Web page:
Maple­ton artist craft­ing won­ders out of wood

Serve Daily - - FRONT PAGE - By Thea Hansen

What do you get when you cross the mod­ern tech­nol­ogy of soft­ware engi­neer­ing and the cen­turies-old tech­nol­ogy of wood­work­ing? Well, for Maple­ton’s Karl Hale, the re­sult sur­prised even him: fine art.

“I’m a fa­ther, a hus­band, a tech guy, a mu­si­cian, a jug­gler, all kinds of ti­tles I’m com­fort­able call­ing my­self,” Hale said, “But, an artist? That’s one I’m still strug­gling with.” One of Hale’s ear­li­est mem­o­ries is of a draw­ing he painstak­ingly made of a lit­tle man that he proudly showed his friend. Af­ter look­ing con­fused for a bit, the friend said, “Are you hold­ing it up­side down?”

That early feed­back guided Hale for the next 30 years, but then he “ac­ci­den­tally” cre­ated some­thing new.

“I wasn’t try­ing to make art. I just wanted to make a pretty mar­ble run,” he re­called. But when that first piece won two first place and Peo­ple’s Choice

awards at the two largest wood carv­ing shows in Utah and ac­cep­tance into the pres­ti­gious Spring Salon at the Springville Mu­seum of Art, Hale re­al­ized he had some­thing spe­cial.

“Maybe it’s be­cause I didn’t grow up as an artist,” Hale ex­plained, “but I really want my art to ap­peal to peo­ple who wouldn’t nor­mally seek out art: the an­a­lyt­i­cal, left-brained types.” And this engi­neer­ing ap­peal is ap­par­ent whether in the com­plex mech­a­nisms of some of his pieces or the in­tri­cate, geo­met­ric mazes of oth­ers. But it wouldn’t be art if it didn’t ap­peal to the more aes­thet­i­cally in­clined as well. As shown by now three pieces be­ing dis­played in ju­ried art shows, the ex­perts seem to agree Hale has ful­filled that re­quire­ment. In ad­di­tion to his first piece be­ing dis­played at the Springville Mu­seum of Art ear­lier this year, an­other is cur­rently on dis­play at the same mu­seum and a third is at the LDS Church History Mu­seum in Salt Lake City. Not bad for an artist who is only in his sec­ond year of pro­duc­tion.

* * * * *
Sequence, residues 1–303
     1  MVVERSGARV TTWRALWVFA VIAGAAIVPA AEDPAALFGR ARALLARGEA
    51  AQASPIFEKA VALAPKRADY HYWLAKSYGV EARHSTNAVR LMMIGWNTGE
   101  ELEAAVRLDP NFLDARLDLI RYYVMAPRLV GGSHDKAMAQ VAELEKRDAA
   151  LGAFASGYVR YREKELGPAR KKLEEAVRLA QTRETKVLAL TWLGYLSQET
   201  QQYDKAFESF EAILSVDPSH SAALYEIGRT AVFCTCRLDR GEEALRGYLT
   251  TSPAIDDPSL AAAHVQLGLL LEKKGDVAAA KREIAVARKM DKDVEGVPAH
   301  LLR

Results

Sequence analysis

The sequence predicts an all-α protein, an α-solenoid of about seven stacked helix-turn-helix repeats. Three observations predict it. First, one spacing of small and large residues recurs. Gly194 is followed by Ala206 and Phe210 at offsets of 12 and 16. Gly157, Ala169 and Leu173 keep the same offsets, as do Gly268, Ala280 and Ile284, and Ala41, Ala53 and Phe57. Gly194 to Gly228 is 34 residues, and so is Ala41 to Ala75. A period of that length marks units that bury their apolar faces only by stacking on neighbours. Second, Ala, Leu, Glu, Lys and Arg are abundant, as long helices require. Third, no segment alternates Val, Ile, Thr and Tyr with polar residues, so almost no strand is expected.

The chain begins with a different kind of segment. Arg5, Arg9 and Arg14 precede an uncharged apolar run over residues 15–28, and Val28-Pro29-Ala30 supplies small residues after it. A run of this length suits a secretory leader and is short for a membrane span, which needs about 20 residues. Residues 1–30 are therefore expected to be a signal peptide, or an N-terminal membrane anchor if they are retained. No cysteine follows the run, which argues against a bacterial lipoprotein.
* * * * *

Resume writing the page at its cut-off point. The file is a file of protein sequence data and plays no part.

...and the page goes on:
Hale hopes to en­tice com­pa­nies and other or­ga­ni­za­tions to buy his art for their lob­bies and other pub­lic spa­ces. “Ev­ery­one wants some­thing unique and en­gag­ing,” Hale said. “Well, I think my art has that, plus it is in­ter­ac­tive and in­tel­lec­tu­ally stim­u­lat­ing.” Com­bine this with his plan to de­sign the cor­po­rate art us­ing the par­tic­u­lar or­ga­ni­za­tion’s brand­ing and lo­gos, and Hale might just be pro­duc­ing the next big thing.

To see more of Hale’s sculp­tures in ac­tion, visit halekinet­ or face­­ics.

Karl Hale

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